If you’ve had the misfortune of possessing eyes, ears, or a TV during election season in our dear swing state, you are probably mind-numbingly familiar with the tropes of political ads. Smiling families! Handshaking! Hard at work! Sentimental music! We the people! Middle class! Sincere voice inflection! Fiscal responsibility! So much emotional manipulation, so little time.
Well meet Gil Fulbright. He may be America’s first totally honest (read: fake) politician, and he’s taking these ads to beautifully satirical places. He’s not shy about pointing out the corrupting influence money has in politics—in the battle of cash vs. constituents, those special interest dollar signs sure do seem to come out on top—which, it so happens, is why he exists. Represent.Us, the non-partisan, grassroots, anti-corruption group running his campaign, wants to start a real dialogue about fixing the system, and if you’ve seen The Colbert Report, you know that satire works wonders when it comes to shining light on serious issues.
So what better time to generate conversation about money in politics than smack in the middle of the Kentucky congressional race between Mitch McConnell and Alison Lundergan Grimes, which is slated to cost $100 million—the most expensive senate race in U.S. history? “We’re looking at an unprecedented amount of money flowing into this election, and most of it—more than 75 percent for each candidate—is coming from non-Kentuckians,” says Sean Kleier, Represent.Us creative director.
Fulbright can’t actually appear on the ballot because he’s a non-person (so. many. jokes.),but they fully intend to run him as if he were a real candidate. Which means that, come July 31, two large campaign buses wrapped in images of Fulbright’s face will be driving down to the Fancy Farm Picnic—one of the largest, for-all-parties political rallies in Kentucky, and a key moment leading up to the November election that gets national attention.
“Gil will go out glad-handing,” says Kleier. “He has a stump speech, billboards, commercials airing around the state—and he’ll be going to McConnell and Grimes fundraisers and events.” (Ah, but to see their staffers scrambling.) “We’re going to cause as much disruption as possible to bring attention to the issue.” And all of it will be making a point, a really serious, really important point.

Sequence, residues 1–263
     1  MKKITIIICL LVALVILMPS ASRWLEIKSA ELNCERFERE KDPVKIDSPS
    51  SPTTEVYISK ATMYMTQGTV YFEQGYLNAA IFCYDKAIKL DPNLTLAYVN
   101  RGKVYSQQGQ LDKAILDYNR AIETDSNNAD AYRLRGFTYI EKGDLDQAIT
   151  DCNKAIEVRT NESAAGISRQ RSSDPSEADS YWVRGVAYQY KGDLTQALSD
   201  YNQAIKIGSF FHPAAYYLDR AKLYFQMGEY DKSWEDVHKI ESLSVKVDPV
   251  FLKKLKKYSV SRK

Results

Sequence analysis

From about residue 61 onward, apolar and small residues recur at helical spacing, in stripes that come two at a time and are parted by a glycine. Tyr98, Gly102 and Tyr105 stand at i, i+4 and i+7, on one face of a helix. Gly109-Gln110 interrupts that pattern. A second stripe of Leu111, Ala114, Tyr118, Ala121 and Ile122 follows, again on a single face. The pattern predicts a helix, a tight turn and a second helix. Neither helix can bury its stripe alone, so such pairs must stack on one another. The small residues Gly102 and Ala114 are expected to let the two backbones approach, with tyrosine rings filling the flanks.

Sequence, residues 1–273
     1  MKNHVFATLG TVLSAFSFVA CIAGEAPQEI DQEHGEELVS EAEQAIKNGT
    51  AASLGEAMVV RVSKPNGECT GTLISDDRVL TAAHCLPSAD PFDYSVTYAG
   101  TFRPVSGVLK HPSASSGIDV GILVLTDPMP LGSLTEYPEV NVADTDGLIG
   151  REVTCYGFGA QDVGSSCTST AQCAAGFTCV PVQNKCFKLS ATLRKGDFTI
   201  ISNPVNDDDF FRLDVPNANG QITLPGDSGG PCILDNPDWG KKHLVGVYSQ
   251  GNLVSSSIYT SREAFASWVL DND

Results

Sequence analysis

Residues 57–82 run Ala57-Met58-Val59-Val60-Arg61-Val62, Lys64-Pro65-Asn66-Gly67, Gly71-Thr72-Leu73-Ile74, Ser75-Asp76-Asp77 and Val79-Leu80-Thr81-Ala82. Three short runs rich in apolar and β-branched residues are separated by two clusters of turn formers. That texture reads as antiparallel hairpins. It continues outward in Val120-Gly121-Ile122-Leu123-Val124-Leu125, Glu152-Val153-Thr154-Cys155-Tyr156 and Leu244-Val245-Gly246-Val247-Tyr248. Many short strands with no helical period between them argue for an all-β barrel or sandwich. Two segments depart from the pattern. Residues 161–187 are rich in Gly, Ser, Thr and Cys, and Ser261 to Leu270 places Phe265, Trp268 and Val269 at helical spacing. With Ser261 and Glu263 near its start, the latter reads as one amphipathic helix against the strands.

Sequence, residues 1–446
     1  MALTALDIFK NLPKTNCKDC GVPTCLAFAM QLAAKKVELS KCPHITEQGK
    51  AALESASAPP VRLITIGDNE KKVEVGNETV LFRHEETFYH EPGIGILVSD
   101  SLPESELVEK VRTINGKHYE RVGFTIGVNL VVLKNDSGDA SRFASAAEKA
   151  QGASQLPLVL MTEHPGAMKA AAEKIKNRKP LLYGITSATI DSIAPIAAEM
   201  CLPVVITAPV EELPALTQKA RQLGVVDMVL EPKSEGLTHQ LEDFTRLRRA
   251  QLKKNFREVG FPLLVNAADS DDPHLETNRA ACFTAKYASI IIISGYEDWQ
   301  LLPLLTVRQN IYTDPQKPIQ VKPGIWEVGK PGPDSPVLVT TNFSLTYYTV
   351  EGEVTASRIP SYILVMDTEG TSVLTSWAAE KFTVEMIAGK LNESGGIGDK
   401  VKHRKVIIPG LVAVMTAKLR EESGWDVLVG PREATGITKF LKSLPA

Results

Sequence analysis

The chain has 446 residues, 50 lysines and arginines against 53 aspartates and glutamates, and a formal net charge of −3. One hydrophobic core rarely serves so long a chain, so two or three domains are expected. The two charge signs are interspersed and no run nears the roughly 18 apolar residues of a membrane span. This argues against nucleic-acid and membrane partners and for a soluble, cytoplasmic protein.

“The response we’ve gotten so far has been overwhelmingly positive. I believe this issue is starting to come to a head, and that people are really tired of politicians getting into office and not listening to constituents,” says Kleier. “This has nothing to do with partisan politics. This issue can’t move forward without support from both sides, and it’s equally pertinent to both sides. It’s not a conservative or progressive issue; it’s an American issue. We firmly believe Americans aren’t nearly as divided as our politicians are.”
The ultimate goal: Pass anti-corruption measures, first locally and then nationally, like the American anti-corruption act, which was drafted by constitutional lawyers with input from both sides of the aisle. “It addresses the most egregious and corrupting components of our campaign finance and lobbying rules,” says Kleier. “It’s been endorsed by political voices on the right and left already, and we’re building a groundswell of support.”
And personally, I’m just going to hope that one day a Gil Fulbright will run as a real candidate, because those debates would be beyond outstanding to watch.
Photographs courtesy Represent.Us